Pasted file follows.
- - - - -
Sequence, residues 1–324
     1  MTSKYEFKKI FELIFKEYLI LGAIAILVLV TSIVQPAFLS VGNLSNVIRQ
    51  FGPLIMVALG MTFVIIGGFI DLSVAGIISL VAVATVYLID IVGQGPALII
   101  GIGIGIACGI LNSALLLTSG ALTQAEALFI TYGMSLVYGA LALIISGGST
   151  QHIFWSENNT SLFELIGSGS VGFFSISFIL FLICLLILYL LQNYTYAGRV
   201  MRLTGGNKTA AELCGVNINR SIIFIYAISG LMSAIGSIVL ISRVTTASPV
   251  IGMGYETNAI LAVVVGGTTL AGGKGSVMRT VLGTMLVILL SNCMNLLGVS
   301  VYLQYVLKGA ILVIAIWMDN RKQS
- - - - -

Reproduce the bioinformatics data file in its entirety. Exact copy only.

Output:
Sequence, residues 1–324
     1  MTSKYEFKKI FELIFKEYLI LGAIAILVLV TSIVQPAFLS VGNLSNVIRQ
    51  FGPLIMVALG MTFVIIGGFI DLSVAGIISL VAVATVYLID IVGQGPALII
   101  GIGIGIACGI LNSALLLTSG ALTQAEALFI TYGMSLVYGA LALIISGGST
   151  QHIFWSENNT SLFELIGSGS VGFFSISFIL FLICLLILYL LQNYTYAGRV
   201  MRLTGGNKTA AELCGVNINR SIIFIYAISG LMSAIGSIVL ISRVTTASPV
   251  IGMGYETNAI LAVVVGGTTL AGGKGSVMRT VLGTMLVILL SNCMNLLGVS
   301  VYLQYVLKGA ILVIAIWMDN RKQS